As I read today’s chapter, I couldn’t help thinking: my, how far we’ve come.
This bar is bittersweet in more ways than one. It’s the last bar that my parents brought back from their Israel trip, and while I enjoyed the Parra white chocolate almond bar, I’m not surprised that this bar hit the sweet spot.
So this is the part where Paul almost dies.
As many of you know, that well-worn Bible from the photos with the occasional handwritten marginal notes is my dad’s. He’s had it for nearly as long as I can remember; the date in the front cover is 8/28/88. I was five then. I used to look at the maps in the back, with their bright colors tracing out the boundaries of geopolitical regions and the travels of Christ and Paul. Much of their information went right over my elementary-school head, but now I’m older and wiser, or at least better educated, and for today’s chapter, those maps might conceivably come in handy. Paul connects with Barnabas and gets his first major missionary voyage underway, and two major events occur at Paphos on the island of Cyprus and on the mainland at Pisidian Antioch.
In today’s chapter, Peter lands himself in jail again. And while the first two times he was simply imprisoned, this time around it looks likelier than ever that he’ll end up executed, because this time he’s been imprisoned by a Herod.
In today’s chapter, Peter deals with the fallout from his acceptance of Cornelius as a fellow follower of Christ, and the obvious place to go with it is that racism and religious bigotry have no place in the church. But as true as that is, I don’t want to co-opt the passage or use it as a soapbox to make my own points. Furthermore, there are some peculiarities in Peter’s interactions with the other Jewish Christians here, so let’s trade our broad brush for the detail one as we dig in.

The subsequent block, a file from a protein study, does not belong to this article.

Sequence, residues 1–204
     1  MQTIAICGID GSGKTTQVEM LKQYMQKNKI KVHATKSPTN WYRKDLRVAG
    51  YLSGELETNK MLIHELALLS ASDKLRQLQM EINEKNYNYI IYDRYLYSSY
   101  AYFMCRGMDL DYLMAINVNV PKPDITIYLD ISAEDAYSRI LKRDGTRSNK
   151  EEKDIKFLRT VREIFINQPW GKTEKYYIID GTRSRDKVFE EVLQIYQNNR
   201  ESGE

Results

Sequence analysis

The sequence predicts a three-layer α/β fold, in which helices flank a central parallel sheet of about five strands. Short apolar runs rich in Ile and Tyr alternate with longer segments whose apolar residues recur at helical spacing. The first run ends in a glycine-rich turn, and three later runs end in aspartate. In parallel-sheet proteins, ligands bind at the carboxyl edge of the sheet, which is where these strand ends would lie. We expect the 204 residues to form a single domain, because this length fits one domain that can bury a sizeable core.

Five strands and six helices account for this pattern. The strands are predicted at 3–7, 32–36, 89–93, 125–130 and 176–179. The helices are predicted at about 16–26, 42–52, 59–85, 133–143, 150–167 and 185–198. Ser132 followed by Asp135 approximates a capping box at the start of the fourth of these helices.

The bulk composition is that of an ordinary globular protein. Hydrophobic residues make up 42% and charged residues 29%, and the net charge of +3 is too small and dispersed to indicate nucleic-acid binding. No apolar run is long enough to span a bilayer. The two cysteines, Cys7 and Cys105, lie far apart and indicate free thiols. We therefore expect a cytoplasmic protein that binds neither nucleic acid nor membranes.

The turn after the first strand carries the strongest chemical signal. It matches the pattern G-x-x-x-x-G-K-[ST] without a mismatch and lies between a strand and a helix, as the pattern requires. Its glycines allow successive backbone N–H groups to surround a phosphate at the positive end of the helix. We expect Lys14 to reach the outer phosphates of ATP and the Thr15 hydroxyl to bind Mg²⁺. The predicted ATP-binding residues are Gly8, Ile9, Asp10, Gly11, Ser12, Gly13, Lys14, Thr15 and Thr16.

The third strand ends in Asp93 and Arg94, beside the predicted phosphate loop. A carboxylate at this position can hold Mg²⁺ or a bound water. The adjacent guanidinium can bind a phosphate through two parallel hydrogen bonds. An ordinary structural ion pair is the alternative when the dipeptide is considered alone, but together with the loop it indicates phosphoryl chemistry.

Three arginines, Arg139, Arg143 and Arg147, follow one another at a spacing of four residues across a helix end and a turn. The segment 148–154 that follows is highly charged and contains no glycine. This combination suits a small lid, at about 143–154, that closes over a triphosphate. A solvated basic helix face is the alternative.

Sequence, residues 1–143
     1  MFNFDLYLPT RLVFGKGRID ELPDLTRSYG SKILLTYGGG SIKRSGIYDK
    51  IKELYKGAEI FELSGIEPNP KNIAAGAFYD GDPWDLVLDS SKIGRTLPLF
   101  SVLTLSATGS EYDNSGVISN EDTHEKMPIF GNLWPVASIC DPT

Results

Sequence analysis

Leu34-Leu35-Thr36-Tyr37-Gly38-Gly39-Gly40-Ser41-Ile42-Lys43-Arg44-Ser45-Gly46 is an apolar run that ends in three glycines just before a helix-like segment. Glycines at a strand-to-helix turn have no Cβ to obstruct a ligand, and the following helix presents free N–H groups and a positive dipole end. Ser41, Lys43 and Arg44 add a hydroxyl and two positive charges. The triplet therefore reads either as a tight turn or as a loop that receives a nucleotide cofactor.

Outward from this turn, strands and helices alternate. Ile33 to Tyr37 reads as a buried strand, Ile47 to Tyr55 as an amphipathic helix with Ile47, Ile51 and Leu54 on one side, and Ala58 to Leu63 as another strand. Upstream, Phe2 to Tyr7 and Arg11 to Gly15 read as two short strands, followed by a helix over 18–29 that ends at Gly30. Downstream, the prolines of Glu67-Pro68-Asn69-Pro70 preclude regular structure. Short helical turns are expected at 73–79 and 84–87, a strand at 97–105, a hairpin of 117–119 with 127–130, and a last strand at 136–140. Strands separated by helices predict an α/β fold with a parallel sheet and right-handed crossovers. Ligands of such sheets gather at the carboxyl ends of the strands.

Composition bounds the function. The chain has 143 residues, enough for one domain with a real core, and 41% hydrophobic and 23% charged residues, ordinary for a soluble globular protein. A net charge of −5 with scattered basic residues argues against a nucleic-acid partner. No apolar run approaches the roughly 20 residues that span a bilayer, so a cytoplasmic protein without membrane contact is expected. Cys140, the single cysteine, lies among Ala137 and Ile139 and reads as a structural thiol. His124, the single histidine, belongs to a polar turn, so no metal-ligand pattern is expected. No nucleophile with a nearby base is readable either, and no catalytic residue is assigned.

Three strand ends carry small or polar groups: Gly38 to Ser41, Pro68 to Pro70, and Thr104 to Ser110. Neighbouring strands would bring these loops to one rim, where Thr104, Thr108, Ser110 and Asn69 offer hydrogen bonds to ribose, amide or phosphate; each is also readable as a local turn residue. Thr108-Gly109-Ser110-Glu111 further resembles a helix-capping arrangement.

What do you think of when you think of the Newsboys? One of the CCM industry’s long-running Christian rock acts, the Newsboys have been around since 1985, with hundreds of songs and seventeen studio albums to their name. But chances are you don’t know them for their song “Cornelius.” It’s a bouncy, catchy ode to the converted centurion by the same name from Acts 10, but at the end of the day, it goes afield from the text to applaud general integrity, refusal to compromise, and…such bizarre lines as “What rhymes with Cornelius? Helium.” So, having hooked your interest with an introduction only tangentially related to the content of the passage, let’s set aside the Newsboys’ deep cuts and take a look at the tale of the man behind the song.
Here’s some more chocolate that my parents brought back from their trip to Israel, and man, I had to do some research just to identify it. I nearly missed the only English letters on the wrapper: the main website for the Strauss group, which is in Hebrew. Flipping to the English version of the site, I dug down through their complete brand selection until I recognized the cow logo from the wrapper: it’s their Parra chocolate brand. As noted before, Strauss’ chocolate is not Fair Trade certified, but it is kosher, and the Strauss company has its own commitment to sustainable practices and sourcing. Yeah, but how’s the chocolate, right?
Greetings from the ghost town that is a mall food court at 9:30 AM on a Friday. I just got done with a dental appointment, and to celebrate, I’m subjecting my teeth to sugar and cacao solids. I know it’s been awhile since I said anything about the physical circumstances under which I’m opening up the Bible, but today’s a little out of the ordinary, so here’s me for old times sake, talking about the site where I’m reading about Saul’s conversion.
If you were reading through the New Testament in canonical order, starting with Matthew and ending with Revelation, then Acts 8 would be the last you’d see of Philip. Even in the first half of the chapter, he ends up leaving the limelight as Peter handles Simon the Ex-Sorcerer’s attempt to purchase distribution rights to the Holy Spirit. But in the latter half of the chapter, Philip gets a solo adventure and an opportunity to do some big kingdom work, and it all starts with an angel and a eunuch.